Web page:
Occasionally, leaders do become trapped in their own bubble and seem to have little to do with the organisation or its culture on the whole. Do you have CEO disease? suggests that leaders can be too absorbed in the information vacuum around them to notice company changes, and are isolated from the overall company culture. In return, they begin to be ostracised, feared and disrespected. Leadership requires effective training, and relies on the leader's ability to exhibit integrity and loyalty to the workforce, which builds trust. Not everyone has the capacity for this, and these leaders may be less able to influence company culture than their more motivates colleagues. However, this does not take away from their capacity to do so - merely shows that they are not willing or able to exploit their opportunities. 

It is also important to remember that leaders don't just go from the top, they are spread throughout the company. Leaders in an organisation are not just the ones making the executive decisions, but all their helpers and subsidiaries throughout the veins of the business. All of these individuals have the potential to feed company culture. In Where do we go from here? (Craig, Charles, Henry, 2009), the authors discuss strategies for effective team leadership which may lead to more success than 'simple downward influence from a hierarchical leader' (p. 234). They argue that teams 'consistently outperform' centralised leadership companies, as all team members are engaged and everyone has a say in making decisions. This leads to a healthier, more egalitarian company culture. Thus we need to challenge our traditional conception of one, single, executive leader and accept a more broad-minded view where an organisation may have multiple leaders, all playing a hand in shaping company culture. Indeed, shared leadership may the very culture of the company in itself.

Leadership is also not limited to decision-making, delegation of responsibility or going towards a goal. It can, importantly, take the form of motivation, support or spiritual guidance. Company culture is more than just about how the company goes about its operations and includes the ethos in the workplace, issues such as work-life balance and lifestyle habits, and spirituality.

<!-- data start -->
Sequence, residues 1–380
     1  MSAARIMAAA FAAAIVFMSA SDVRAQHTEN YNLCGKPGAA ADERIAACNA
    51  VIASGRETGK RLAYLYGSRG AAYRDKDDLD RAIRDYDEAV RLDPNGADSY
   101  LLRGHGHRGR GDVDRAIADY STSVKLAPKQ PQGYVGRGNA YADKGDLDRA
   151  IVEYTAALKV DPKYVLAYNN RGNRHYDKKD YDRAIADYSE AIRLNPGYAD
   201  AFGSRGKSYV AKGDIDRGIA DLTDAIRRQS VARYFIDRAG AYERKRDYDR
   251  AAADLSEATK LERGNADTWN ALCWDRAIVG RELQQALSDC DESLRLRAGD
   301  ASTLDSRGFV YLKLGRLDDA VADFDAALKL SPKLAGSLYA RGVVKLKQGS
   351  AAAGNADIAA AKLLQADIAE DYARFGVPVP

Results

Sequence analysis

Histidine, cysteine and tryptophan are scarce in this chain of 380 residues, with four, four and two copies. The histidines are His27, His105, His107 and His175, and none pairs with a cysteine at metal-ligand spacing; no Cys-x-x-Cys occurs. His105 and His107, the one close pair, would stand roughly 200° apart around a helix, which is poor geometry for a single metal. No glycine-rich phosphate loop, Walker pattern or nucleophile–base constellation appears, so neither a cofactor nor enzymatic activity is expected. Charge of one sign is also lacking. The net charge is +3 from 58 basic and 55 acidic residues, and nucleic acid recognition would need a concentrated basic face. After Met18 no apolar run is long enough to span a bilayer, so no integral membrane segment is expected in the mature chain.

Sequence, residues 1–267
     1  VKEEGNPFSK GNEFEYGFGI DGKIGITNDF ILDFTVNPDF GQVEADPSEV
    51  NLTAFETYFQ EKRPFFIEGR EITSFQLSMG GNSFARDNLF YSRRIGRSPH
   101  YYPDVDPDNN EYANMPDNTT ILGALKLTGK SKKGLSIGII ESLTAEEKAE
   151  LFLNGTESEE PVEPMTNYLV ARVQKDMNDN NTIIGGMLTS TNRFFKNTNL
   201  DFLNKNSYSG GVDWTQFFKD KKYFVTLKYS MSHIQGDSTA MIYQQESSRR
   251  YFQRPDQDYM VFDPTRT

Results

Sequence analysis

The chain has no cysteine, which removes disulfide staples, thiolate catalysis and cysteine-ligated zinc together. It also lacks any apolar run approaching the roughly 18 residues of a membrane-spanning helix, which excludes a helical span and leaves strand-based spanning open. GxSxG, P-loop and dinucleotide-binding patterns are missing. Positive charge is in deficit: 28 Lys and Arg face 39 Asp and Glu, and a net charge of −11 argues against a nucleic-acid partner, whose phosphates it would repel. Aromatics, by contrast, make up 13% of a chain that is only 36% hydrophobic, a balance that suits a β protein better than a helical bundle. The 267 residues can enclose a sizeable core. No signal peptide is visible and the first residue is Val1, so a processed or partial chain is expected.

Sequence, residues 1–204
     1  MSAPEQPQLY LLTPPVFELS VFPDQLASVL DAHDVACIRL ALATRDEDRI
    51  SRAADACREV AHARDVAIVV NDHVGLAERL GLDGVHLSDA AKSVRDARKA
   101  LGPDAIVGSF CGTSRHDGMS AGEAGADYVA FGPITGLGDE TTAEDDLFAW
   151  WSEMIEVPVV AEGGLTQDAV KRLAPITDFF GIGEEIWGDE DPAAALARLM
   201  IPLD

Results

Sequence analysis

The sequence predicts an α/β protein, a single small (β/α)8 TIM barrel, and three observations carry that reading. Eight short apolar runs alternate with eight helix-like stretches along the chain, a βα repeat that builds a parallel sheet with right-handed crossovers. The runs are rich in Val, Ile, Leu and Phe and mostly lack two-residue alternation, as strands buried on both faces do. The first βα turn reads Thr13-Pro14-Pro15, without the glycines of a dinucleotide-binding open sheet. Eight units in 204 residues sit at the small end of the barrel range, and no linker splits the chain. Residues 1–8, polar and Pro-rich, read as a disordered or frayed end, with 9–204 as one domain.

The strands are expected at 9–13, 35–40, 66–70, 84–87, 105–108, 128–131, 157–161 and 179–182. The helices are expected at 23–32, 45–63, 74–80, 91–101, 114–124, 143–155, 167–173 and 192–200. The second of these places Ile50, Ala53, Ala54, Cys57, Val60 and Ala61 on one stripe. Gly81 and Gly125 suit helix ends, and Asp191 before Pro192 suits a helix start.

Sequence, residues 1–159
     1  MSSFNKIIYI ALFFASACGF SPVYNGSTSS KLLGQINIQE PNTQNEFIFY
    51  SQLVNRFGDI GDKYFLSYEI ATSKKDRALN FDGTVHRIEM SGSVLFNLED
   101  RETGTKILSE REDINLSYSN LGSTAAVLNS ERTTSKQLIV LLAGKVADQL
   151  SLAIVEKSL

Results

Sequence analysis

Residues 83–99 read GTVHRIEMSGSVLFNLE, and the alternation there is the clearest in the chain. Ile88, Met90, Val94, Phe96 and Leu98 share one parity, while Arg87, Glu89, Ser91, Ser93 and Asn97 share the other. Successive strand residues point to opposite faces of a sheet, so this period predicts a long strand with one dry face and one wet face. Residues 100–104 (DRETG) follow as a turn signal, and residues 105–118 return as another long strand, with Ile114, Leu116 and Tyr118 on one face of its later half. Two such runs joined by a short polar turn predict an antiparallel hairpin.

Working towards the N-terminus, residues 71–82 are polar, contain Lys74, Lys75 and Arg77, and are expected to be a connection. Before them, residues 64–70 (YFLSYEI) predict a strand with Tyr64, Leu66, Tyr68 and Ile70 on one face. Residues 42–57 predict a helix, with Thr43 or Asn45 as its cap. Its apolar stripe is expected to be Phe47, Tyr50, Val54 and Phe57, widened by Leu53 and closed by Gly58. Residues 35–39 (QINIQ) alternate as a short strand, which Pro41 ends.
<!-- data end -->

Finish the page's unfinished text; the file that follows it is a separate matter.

Trust is a major issue in the workplace. If employees feel that the company and their leader have their best interests at heart, this leads to far more productive and committed work. In his book, 'Perspectives on Leadership: From the Science of Management to Its Spiritual Heart', Gilbert Fairholm states that 'Leaders play a major role in helping us shape our life. Leaders define business and its practice. They determine the character of society. They define our teams, groups and communities. They set and administer government policy. In all walks of life, leaders' behaviours set the course others follow and determine the measures used to account for group actions". Thus the author suggests that, whilst it's easy to think of leaders in terms of authority, it is also important to think about the 'total task of leadership', with the leader as a trust figure, guide and support for their inferiors.

Personal experience would tell all of us that brusk, hostile and incompetent leaders cannot help but affect the culture of the workplace. Leaders are, first and foremost, people - and like all people, they exude positive or negative qualities that affect the environment around them. As the most prominent figure in the workplace, the scale of this influence is magnified by a leader. 

A leader can achieve much if they know how to translate their personal qualities into company culture. DAY & Zimmerman CEO, Harold Yoh explores this in his article, 'From Values to Leadership: Translating a CEO's Personal Commitment into a Company Culture'. The article details Yoh's determination to make 'safety, integrity, diversity and success' paramount in the company, breaking down the components of maintaing the system-wide change can't happen from the bottom up,' he says. 'For values to truly permeate the company culture and become the foundation for decisions that power our vision, they must live and breathe first and foremost in the CEO's office, and expand throughout the senior leadership and the balance of the organisation'.

As in the DAY & Zimmermann example, company culture can directly apply to company performance. Authors Yong and Pheng talk of the importance of organisational culture in implementing total quality management of Singapore building contractors. They argue that firms with a strong, comprehensive structure tightly implement the TQM elements of top management leadership, which can be crucial in setting the quality of work. Firms with a strong influence of management over the ethos of the company may therefore produce better work in this particular industry.